To sum up, this poem depicts the different cultural background of slaves and the African- American tradition and states that liberation from slavery also brings about the loss of cultural practices. Superstitious elements of hoodoo belief were primarily used as a sign of their lack of and longing for freedom but when "someone came and told those slaves 'We're free.'" (ll. 9f.), they were also liberated from this kind of folk magic and given the opportunity to assimilate. In the author's view, this step of enlightenment was necessary for African American people to be "free" and successful in American society. In doing so, she depicts the "cultural hybridity" of many African Americans today and shows that "Afrocentrism and cosmopolitanism" are intimately interrelated in them (Pereira 2007: 711).
3.2 Ars Poetica #28: African Leave-Taking Disorder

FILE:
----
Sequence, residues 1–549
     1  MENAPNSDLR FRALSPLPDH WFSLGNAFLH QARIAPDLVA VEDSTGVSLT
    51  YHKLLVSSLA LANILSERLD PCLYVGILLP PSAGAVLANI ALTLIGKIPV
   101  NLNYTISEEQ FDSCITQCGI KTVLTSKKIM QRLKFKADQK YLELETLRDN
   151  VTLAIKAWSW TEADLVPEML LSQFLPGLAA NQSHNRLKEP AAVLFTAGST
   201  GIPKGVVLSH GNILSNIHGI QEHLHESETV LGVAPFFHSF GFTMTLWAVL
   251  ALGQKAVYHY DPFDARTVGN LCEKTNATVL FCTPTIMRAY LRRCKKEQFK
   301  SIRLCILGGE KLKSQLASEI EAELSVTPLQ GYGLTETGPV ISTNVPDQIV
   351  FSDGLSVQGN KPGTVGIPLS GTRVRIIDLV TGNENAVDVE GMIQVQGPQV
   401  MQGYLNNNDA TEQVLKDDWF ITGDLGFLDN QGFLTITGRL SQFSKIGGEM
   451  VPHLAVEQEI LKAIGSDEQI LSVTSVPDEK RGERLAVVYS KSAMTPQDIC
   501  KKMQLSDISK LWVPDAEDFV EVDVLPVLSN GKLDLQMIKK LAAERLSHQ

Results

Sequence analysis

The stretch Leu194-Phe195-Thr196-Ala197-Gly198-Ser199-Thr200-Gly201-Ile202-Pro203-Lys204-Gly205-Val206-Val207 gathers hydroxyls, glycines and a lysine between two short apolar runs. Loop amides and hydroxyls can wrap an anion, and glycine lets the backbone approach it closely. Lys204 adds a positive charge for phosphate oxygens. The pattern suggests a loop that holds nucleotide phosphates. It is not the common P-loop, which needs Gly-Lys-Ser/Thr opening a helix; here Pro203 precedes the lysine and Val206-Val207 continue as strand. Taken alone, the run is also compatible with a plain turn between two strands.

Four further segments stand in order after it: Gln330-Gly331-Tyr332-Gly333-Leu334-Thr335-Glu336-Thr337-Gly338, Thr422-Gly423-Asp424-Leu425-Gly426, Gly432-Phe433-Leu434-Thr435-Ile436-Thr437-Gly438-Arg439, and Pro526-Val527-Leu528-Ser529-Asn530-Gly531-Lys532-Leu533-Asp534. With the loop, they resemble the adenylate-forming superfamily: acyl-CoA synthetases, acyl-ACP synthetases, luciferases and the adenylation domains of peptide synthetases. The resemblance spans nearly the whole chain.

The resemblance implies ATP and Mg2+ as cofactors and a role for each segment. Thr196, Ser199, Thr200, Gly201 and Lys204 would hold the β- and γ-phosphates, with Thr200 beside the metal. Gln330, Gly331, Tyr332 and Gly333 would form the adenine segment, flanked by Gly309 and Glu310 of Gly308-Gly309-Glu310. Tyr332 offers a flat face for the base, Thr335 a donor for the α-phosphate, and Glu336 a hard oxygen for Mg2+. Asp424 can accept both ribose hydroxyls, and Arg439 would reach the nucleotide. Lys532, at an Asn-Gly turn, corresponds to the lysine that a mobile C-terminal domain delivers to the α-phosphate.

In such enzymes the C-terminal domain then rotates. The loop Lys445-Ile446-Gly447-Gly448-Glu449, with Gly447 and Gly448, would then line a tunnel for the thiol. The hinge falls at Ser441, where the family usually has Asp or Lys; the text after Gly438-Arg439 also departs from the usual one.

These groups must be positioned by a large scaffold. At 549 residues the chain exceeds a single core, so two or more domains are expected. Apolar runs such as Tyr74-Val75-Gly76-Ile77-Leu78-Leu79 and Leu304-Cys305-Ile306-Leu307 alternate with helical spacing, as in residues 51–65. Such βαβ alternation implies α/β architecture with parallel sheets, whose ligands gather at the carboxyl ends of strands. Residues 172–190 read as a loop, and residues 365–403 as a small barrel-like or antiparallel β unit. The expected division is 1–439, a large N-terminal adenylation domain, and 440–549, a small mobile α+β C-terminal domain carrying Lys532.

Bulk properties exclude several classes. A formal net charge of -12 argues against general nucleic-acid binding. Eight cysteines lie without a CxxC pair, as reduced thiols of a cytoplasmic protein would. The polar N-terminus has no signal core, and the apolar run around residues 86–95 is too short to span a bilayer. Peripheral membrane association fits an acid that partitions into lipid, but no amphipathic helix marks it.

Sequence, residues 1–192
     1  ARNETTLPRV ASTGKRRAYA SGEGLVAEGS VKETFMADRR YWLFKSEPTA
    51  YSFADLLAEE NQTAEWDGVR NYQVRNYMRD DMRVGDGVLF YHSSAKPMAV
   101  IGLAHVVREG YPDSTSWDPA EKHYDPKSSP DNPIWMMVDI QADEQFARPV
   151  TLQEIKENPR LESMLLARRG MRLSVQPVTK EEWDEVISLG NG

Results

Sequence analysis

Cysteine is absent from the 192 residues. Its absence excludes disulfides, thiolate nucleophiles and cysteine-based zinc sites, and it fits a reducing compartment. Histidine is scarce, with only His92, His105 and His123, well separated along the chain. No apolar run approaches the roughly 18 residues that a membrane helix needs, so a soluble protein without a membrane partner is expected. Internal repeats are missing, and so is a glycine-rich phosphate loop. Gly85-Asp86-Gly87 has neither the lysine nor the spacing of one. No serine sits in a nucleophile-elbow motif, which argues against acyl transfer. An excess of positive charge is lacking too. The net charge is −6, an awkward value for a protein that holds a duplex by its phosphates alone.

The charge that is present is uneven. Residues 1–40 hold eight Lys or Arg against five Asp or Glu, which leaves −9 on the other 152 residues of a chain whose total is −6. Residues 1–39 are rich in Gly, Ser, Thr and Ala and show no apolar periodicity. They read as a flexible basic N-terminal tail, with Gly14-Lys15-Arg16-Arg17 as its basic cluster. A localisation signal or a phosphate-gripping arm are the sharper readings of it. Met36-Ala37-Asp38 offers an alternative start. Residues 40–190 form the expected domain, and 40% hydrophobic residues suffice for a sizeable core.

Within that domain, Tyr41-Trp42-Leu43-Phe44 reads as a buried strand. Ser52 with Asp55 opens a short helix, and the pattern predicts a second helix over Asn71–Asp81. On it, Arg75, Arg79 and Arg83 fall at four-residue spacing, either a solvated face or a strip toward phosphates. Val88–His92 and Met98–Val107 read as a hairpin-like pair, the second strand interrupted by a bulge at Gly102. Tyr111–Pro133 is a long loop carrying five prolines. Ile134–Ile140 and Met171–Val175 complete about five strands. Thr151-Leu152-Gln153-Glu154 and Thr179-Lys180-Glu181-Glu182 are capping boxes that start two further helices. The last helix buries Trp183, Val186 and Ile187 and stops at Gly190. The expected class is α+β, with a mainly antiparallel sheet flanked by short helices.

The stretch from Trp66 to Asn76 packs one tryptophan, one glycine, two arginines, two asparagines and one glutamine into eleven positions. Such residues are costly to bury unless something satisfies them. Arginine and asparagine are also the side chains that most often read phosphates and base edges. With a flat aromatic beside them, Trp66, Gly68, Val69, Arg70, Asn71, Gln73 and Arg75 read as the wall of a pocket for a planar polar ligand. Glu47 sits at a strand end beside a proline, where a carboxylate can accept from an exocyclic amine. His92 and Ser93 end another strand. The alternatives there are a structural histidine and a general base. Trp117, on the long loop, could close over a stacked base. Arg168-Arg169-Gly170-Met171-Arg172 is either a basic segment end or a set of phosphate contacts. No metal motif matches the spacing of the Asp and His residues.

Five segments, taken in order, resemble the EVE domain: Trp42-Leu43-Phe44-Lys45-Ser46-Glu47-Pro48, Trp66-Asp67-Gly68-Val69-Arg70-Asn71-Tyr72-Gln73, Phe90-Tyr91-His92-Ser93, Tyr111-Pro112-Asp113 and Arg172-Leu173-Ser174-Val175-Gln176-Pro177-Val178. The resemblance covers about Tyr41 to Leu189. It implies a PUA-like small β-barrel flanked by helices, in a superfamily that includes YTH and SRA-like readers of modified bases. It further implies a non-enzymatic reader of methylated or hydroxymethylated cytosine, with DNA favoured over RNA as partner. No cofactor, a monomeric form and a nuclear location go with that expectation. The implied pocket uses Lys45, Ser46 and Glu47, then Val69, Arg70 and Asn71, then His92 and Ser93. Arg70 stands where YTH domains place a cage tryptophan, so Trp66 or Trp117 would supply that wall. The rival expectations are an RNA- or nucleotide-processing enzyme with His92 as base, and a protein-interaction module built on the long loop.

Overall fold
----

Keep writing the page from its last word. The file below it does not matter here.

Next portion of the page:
Ars Poetica #28: African Leave-Taking Disorder
The talk is good. The two friends linger at the door. Urban crickets sing with them.
There is no after the supper and talk.
The talk is good. These two friends linger at the door, half in, half out, 'til one decides to walk the other home. And so they walk, more talk, the new doorstep, the nightgowned wife who shakes her head and smiles from the bedroom window as the men talk in love and the crickets sing along. The joke would be if the one now home walked the other one home, where they started, to keep talking and so on: "African Leave-Taking Disorder," which names her children everywhere trying to come back together and talk. (from: American Sublime, 2005)
- ISBN (eBook)
- ISBN (Book)
- File size
- 446 KB
- Catalog Number
- Institution / College
- RWTH Aachen University – Institut für Anglistik, Amerikanistik und Romanistik
- Elizabeth Alexander Race African Leave-Taking Disorder Marcus Garvey Elocution Praise Song For The Day Ethnicity Slavery Racism African-American Poetry Modern Poetry Contemporary Poetry Ars Poetica Antebellum Dream Book American Sublime